Diffuse Lung Disease |

Accidental Death Due to Pulmonary Fibrosis and Multiorgan Failure After Paraquat Ingestion: A Case Report FREE TO VIEW

Lauren Angotti, MD
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MUSC, Charleston, SC

Chest. 2015;148(4_MeetingAbstracts):369A. doi:10.1378/chest.2278464
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SESSION TITLE: Diffuse Lung Disease Case Report Posters

SESSION TYPE: Affiliate Case Report Poster

PRESENTED ON: Tuesday, October 27, 2015 at 01:30 PM - 02:30 PM

INTRODUCTION: Paraquat is a bipyridal herbicide that confers almost certain mortality with ingestion over 15 mL. Paraquat is sequestered by the body into lung tissues and the primary mechanism of death is pulmonary inflammation and fibrosis leading to refractory hypoxic respiratory failure.

CASE PRESENTATION: A 65 year-old male presented to our Emergency department with complaints of nausea, emesis and mouth burning. The patient reported that he has accidentally ingested approximately 10 cc of commercial grade “Round Up” that he had purchased in an unlabeled Pepsi bottle from a neighbor. Physical exam, vital signs, and laboratory values were normal at that time and the patient was discharged home with a prescription for Zofran. 48 hours later the patient re-presented with progressive weakness, shortness of breath, and mouth blisters. Evaluation revealed low grade fever, tachycardia, hypotension, acute renal failure, and acute hypoxic respiratory failure. He was admitted to our intensive care unit and placed on Bipap. Despite salvage treatments, the patient suffered from progressive respiratory and renal failure and died on comfort measures after 5 days.

DISCUSSION: Given the rarity of this case, there is sparse literature on management and treatment. Supplemental oxygen in fact exacerbates paraquat induced free radical toxicity thus creating a clinical conundrum. Experts suggest withholding supplemental oxygen until partial pressure of arterial oxygen falls below 50. There is no treatment for paraquat ingestion; however very limited data from clinical trials in Taiwan suggest a mortality benefit with pulse Cyclophosphamide and Solumedrol in selected patients. Urine paraquat levels can be obtained on admission and are known to correlate with severity of prognosis and may have helped guide appropriateness/futility of treatment interventions if they had been obtained in our patient.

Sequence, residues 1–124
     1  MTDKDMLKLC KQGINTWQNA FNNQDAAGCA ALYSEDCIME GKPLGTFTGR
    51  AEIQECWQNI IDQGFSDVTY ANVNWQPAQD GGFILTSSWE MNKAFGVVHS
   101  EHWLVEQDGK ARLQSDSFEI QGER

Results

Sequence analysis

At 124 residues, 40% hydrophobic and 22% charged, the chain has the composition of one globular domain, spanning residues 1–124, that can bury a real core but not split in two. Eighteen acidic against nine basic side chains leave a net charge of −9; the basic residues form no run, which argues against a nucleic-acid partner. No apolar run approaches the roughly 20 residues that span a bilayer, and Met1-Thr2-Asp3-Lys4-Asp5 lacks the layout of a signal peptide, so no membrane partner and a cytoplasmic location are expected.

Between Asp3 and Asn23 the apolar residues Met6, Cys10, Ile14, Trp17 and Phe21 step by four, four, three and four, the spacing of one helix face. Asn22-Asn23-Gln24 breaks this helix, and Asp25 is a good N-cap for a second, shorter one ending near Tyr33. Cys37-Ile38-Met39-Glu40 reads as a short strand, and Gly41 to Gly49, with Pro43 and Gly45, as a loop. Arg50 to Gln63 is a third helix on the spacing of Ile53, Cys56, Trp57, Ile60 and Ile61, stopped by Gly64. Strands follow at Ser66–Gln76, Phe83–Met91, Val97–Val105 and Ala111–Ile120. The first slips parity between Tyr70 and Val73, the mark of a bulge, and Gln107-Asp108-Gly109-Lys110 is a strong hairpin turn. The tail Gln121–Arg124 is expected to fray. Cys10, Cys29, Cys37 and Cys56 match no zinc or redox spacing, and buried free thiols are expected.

CONCLUSIONS: This was a devastating accidental death; clinicians should be aware of detrimental effects of ingestion of these agents and the importance of close collaboration with poison control toxicologist. Pertinent diagnostic and treatment tools will be reviewed.

Reference #1: Lin Ja-Liang, et al. "Repeated pulse of methylprenisolone and cyclophosphamide with continuous dexamethasone therapy for patients with severe paraquat poisoning." Crit Care Med 2006; 34(2):368-373.

Reference #2: Hoffman, Robert et al. "Herbicides" GoldFranks Toxicologic Emergencies. McGraw Hill, 8th edition; 1544-55.

DISCLOSURE: The following authors have nothing to disclose: Lauren Angotti

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